He continued to tell me that money is not the problem and will never be the problem. That is a secondary matter. The first is education. We often forget about the seeds that we already have in our communities. The children, the seeds, are our most powerful form of capital, he told me. If we plant the seeds properly, the community can transform in just one generation.
In the past years he has used an abandoned building from the local public school to create his space of learning for the children. There, he has blankets, a hot plate for cooking, and some food in case he needs to spend the night there.
His past two and a half decades in the village have been a satisfying battle. Although his family does not fully support his work and commitment to Bakultar, he told me he feels a sense of duty to be with the people in the village. His relationship with them has shifted as he has continued his work. During one particular event, he had felt it was time to build a space to work with the children. Prior to using the abandoned building from the local public school, he built a home out of mud and bricks. For days, he worked to build his home with in his own hands. After some time, the community members also helped him. However, he came back after a few days and saw everything torn to pieces. Although he didn’t explain the situation in detail, he told me, ‘They can break my house, they can break my office, but they will never break my work.” At times he felt resistance from the community, but he has continued on.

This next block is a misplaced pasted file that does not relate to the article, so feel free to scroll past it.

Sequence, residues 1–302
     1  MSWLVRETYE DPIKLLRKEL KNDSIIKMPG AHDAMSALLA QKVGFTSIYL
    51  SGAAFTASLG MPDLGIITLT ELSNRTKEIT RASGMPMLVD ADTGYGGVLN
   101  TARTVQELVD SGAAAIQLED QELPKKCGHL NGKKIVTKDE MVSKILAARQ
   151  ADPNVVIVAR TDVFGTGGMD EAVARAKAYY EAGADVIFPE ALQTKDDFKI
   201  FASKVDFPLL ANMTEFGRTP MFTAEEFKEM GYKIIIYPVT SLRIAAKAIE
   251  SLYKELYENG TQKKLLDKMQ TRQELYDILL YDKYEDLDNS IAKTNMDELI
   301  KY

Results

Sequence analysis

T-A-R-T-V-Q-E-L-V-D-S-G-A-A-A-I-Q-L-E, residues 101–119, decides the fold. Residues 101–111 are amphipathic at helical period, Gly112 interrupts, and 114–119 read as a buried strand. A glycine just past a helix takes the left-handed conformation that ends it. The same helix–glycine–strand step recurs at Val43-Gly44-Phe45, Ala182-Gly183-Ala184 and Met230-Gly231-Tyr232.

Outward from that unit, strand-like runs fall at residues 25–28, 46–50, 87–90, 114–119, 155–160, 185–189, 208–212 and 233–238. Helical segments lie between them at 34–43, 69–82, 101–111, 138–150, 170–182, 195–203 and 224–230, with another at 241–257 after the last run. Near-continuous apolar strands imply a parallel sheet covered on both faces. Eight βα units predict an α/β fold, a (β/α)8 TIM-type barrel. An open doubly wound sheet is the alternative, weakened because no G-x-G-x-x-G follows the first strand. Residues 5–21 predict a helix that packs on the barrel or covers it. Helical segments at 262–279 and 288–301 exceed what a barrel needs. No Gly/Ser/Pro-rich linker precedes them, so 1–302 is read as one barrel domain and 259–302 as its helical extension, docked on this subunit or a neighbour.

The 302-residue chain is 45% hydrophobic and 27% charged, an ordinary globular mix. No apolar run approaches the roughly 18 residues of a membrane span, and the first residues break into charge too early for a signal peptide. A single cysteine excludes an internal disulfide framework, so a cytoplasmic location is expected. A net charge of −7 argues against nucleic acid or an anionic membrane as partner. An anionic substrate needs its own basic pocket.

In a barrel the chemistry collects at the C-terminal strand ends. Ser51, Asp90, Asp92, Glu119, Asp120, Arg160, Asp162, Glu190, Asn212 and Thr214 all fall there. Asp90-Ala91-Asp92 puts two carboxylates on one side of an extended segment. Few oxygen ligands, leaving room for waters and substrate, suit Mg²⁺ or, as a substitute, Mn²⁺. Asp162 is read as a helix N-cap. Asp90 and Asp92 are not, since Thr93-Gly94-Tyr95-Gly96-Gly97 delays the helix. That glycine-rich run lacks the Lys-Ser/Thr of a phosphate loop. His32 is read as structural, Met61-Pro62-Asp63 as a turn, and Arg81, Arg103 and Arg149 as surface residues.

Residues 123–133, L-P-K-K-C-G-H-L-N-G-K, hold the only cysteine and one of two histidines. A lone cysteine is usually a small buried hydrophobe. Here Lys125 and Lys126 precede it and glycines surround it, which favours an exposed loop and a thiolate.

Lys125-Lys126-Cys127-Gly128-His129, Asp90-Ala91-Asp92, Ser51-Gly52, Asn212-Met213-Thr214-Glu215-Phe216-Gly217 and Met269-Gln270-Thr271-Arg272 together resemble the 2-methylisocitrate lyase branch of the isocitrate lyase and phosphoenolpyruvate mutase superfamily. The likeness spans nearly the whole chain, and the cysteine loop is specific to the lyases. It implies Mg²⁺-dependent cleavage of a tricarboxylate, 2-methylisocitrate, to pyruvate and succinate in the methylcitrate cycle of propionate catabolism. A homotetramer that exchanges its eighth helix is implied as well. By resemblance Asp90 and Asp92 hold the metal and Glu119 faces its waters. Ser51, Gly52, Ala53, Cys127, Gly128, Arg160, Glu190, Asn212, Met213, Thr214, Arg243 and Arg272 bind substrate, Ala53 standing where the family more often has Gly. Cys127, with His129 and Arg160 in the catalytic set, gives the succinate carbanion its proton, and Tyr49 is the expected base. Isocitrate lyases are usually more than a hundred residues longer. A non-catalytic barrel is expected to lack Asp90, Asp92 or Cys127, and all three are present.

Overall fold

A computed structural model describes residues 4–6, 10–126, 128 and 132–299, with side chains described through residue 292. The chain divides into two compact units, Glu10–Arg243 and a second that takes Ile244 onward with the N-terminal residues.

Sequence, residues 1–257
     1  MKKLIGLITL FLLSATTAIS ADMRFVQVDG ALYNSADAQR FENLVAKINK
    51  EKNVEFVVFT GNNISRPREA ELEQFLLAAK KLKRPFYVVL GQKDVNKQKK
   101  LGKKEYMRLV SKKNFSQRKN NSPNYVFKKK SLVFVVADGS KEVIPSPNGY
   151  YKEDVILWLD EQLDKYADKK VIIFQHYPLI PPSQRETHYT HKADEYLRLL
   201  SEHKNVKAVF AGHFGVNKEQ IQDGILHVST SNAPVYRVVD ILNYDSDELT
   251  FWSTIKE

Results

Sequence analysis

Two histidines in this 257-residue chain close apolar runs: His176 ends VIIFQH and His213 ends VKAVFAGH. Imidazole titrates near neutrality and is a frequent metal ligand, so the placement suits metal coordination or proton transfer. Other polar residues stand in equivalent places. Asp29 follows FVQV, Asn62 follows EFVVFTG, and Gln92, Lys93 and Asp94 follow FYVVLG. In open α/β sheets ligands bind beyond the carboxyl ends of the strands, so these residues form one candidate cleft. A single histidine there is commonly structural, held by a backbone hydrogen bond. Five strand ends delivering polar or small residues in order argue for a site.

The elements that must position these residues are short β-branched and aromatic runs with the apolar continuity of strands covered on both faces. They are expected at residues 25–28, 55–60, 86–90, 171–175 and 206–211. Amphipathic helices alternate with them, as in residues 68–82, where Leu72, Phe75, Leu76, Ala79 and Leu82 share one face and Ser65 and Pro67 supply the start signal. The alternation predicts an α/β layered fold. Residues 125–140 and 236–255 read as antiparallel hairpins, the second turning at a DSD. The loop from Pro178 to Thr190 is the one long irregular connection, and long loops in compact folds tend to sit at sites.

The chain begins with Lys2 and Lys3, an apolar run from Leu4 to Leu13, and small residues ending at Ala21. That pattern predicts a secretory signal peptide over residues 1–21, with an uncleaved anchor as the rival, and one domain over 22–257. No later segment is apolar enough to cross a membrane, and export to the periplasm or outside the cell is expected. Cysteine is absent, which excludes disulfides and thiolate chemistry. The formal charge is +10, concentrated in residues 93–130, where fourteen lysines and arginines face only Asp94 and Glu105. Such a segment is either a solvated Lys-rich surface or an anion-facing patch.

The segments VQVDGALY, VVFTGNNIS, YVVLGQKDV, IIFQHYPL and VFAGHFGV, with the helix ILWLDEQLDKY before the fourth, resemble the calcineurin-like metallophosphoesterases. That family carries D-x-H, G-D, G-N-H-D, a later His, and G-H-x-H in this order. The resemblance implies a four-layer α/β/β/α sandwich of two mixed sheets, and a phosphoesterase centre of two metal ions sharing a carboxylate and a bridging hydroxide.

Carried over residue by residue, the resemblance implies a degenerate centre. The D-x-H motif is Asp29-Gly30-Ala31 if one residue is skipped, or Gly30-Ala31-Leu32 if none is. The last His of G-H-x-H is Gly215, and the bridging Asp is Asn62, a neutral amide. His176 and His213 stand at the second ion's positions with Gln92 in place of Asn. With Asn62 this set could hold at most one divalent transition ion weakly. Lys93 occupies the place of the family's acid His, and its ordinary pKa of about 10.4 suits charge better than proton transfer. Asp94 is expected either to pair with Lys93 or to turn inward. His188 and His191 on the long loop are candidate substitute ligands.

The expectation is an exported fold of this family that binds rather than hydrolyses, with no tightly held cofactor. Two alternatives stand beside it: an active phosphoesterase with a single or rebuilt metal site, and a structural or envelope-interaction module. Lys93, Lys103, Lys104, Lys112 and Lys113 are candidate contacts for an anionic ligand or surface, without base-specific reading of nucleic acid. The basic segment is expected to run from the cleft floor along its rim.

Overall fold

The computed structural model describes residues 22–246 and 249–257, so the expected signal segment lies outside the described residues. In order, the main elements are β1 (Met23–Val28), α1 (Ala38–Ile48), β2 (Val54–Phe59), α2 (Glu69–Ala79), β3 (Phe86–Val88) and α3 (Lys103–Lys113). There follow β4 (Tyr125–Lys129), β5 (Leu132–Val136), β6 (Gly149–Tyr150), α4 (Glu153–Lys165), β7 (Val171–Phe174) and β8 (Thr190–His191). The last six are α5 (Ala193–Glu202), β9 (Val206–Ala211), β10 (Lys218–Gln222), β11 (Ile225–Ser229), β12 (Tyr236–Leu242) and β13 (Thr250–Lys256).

The day I interviewed him, he was holding an event for the children. Under one of the large Banyan trees, the children from Bakultar village started to gather. After two hours of playing tag/hide and go seek, the children started to clean the area. One by one, they started to collect plastic, clear the leaves from the base of the tree, and put their shoes in a straight line. After, we made a circle around the tree. Dineshdai and the older youth which he works closely with, brought 13 candles and lit them on the cement at the base of the tree.
I don’t think I’ve seen anything more beautiful in my life. Two to three children huddled around each candle. With the stars lighting up the sky and the candles lighting up the base of this tree, I watched as the kids closed their eyes and started chanting. After, some of the kids climbed up to the base of the tree and started to do various performances. One of the boys rapped while some of the girls danced.
After this experience, I truly understood the essence of Dineshdai’s work. I was taken through his journey by seeing fragments of his work throughout the village (the shallow wells, meeting the villagers he had worked with through the years, etc.).
We all view the world differently and from this perspective, we decide how we want to position ourselves to make it a better place. Dineshdai opened my eyes and showed me another side of service. Each day, I am reminded of what he repeatedly told me: They can break my house, they can break my office, but they will never break my work.
He is a man who has worked towards something that so many people have tried to stop. He continues and has continued for 25 years towards his passion, towards his truth.